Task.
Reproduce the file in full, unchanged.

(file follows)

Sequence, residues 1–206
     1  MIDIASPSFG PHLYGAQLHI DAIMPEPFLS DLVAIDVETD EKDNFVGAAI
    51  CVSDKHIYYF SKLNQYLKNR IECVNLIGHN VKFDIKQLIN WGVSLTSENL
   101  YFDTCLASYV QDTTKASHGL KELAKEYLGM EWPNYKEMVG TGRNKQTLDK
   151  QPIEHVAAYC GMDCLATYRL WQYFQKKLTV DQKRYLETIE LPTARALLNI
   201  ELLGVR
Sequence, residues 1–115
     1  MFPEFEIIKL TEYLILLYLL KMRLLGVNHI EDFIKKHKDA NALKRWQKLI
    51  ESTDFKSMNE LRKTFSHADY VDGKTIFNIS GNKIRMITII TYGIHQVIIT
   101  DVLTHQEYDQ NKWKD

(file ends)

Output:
Sequence, residues 1–206
     1  MIDIASPSFG PHLYGAQLHI DAIMPEPFLS DLVAIDVETD EKDNFVGAAI
    51  CVSDKHIYYF SKLNQYLKNR IECVNLIGHN VKFDIKQLIN WGVSLTSENL
   101  YFDTCLASYV QDTTKASHGL KELAKEYLGM EWPNYKEMVG TGRNKQTLDK
   151  QPIEHVAAYC GMDCLATYRL WQYFQKKLTV DQKRYLETIE LPTARALLNI
   201  ELLGVR
Sequence, residues 1–115
     1  MFPEFEIIKL TEYLILLYLL KMRLLGVNHI EDFIKKHKDA NALKRWQKLI
    51  ESTDFKSMNE LRKTFSHADY VDGKTIFNIS GNKIRMITII TYGIHQVIIT
   101  DVLTHQEYDQ NKWKD